Although older adults can still remember a time before the Internet, today's youth probably can't imagine living in an offline world. The Internet has become so ingrained into our daily lives that many people now regard Internet access as essential, like access to fresh water and electricity.
But what if the companies that connect you to the Internet — known as Internet Service Providers or ISPs — could manipulate your use of the Internet? What if they could block you from using certain websites? Or what if they could make certain sites load more quickly and other sites load more slowly?
These are some of the concerns an idea known as net neutrality. At its most basic level, net neutrality means that all Internet traffic should be treated equally.
In 2015, the U.S. Federal Communications Commission (FCC) enacted a set of rules to ensure net neutrality. In doing so, they classified consumer broadband service as a public utility, similar to telephone service or electricity, under Title II of the 1934 Communications Act.
The FCC's net neutrality rules seek to make sure that ISPs, such as AT&T, Comcast, and Verizon, adhere to three basic policies: (1) no blocking (ISPs can't block lawful content or services); (2) no throttling (ISPs can't discriminate against Internet traffic based upon what it is, who it's from, or where it's going, such as selectively slowing down traffic from a competitor); and (3) no paid prioritization (ISPs can't charge more for special treatment, such as Internet "fast lanes").
Those rules sound reasonable, right? Who could argue against a free and open Internet? Well, like many modern issues, there are many sides to the story. While most people tend to agree with the basic idea of net neutrality, there are many different opinions on how best to achieve the goal of an open Internet.
In 2017, after a change of leadership, the FCC began considering revisions to the net neutrality rules. Net neutrality proponents fear that the current rules will be eliminated, allowing ISPs too much control over the Internet.
However, there are others who believe that the government is not the best entity to manage the Internet. Instead, many people believe that competition among ISPs in the free market should be allowed to determine how the Internet continues to evolve and how much it costs to access it. Rather than being against an open Internet, these groups oppose the current FCC rules as unnecessary and too burdensome.
As the arguments for and against the FCC's net neutrality rules get tossed about, it's important to seek to fully understand the issues and how they might affect you. Proponents of the FCC's rules believe they're necessary to even the playing field between big ISPs and smaller start-up companies.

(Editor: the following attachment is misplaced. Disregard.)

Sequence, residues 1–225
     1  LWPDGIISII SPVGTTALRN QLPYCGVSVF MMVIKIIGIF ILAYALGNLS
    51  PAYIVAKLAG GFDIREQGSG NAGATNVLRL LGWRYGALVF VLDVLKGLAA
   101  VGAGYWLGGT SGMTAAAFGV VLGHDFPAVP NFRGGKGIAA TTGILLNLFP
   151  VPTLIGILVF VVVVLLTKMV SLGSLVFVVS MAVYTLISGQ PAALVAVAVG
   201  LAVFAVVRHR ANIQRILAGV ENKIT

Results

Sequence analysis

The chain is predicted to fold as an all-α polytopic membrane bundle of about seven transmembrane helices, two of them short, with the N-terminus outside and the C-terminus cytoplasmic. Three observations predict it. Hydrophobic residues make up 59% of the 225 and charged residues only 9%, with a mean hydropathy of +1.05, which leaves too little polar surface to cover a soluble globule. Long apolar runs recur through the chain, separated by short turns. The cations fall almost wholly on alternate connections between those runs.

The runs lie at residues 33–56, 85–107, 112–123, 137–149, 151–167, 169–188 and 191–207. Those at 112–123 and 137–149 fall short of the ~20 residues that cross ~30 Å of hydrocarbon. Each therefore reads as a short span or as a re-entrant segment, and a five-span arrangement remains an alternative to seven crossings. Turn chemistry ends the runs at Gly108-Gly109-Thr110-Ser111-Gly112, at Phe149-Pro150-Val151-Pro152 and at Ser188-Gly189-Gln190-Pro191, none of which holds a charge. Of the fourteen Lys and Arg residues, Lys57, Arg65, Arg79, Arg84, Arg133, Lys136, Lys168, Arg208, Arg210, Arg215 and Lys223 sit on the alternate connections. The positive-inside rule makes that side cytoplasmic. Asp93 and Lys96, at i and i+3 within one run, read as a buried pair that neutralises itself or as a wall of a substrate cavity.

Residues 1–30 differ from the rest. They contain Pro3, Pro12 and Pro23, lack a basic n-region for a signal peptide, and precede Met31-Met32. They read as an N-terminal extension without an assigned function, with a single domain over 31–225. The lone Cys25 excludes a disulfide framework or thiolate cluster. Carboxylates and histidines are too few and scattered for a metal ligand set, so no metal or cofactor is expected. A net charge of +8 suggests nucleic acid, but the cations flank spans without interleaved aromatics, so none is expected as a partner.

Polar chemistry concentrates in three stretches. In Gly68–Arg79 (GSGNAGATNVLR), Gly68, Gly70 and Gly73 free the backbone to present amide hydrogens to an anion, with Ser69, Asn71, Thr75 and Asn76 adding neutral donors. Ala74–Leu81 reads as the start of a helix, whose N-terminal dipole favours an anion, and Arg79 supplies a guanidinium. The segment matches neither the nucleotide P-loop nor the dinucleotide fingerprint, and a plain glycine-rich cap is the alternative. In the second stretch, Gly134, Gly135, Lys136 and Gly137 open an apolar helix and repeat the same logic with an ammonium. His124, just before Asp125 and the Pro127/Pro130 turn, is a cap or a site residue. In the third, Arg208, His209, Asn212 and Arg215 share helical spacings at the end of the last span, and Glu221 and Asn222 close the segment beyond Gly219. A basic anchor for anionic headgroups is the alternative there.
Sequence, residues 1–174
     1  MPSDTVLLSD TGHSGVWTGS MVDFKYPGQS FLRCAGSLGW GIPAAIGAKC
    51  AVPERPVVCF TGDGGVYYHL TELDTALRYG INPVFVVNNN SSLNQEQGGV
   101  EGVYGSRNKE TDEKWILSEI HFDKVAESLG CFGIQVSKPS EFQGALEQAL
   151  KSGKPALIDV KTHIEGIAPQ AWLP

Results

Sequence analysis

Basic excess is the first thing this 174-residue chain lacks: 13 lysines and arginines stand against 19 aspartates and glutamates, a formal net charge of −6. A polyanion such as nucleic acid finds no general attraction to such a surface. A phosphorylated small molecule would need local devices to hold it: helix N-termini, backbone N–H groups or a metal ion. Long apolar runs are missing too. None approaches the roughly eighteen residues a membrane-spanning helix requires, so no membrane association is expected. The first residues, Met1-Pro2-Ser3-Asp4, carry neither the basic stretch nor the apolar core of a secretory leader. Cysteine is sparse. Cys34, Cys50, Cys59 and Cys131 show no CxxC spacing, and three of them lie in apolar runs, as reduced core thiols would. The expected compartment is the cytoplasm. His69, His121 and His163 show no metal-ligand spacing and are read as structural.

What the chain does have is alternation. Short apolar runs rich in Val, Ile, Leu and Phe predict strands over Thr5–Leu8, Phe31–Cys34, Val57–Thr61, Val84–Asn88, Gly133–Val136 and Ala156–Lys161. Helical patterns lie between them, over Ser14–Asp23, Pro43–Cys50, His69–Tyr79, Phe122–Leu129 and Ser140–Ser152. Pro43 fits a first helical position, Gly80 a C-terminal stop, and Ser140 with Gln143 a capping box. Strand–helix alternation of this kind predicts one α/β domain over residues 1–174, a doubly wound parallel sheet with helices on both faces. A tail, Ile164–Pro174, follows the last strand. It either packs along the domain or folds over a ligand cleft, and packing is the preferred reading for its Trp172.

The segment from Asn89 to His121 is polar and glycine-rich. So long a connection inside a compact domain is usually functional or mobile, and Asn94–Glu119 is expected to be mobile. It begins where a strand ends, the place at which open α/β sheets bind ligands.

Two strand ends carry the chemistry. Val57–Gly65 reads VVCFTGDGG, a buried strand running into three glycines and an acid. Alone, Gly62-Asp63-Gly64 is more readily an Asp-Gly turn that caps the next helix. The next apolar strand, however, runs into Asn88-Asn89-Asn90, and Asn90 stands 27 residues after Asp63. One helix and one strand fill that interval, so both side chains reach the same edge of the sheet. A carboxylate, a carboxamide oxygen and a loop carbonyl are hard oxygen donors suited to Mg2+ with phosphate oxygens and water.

Others believe that content providers that account for massive amounts of Internet traffic, such as Netflix and YouTube, should be allowed to — and perhaps forced to — pay more to ensure that all Internet traffic moves freely and doesn't get bogged down by the largest content providers.
Some experts believe that the current arguments for net neutrality are too simplistic and rely upon an outdated understanding of how the Internet works. These experts point out that today's Internet isn't neutral now.
For example, some of the largest content providers, including Google, Netflix, and Facebook, have been making special arrangements with ISPs for years now. These arrangements include setting up routers inside large data centers used by popular ISPs (known as "peering") or setting up servers inside ISPs directly (known as a "content delivery network").
These arrangements help to speed up and facilitate delivery of content from these large content providers, which many feel is necessary when half of today's Internet traffic comes from about 30 sources, including Google, Netflix, and Facebook.
In light of these arrangements that already exist today, those in favor of removing or altering the FCC's net neutrality rules claim that rules that enforce the status quo aren't enforcing neutrality, but instead maintain a system that's not neutral to begin with. Instead, many people believe that proponents of an open Internet should be looking for ways to increase competition among ISPs.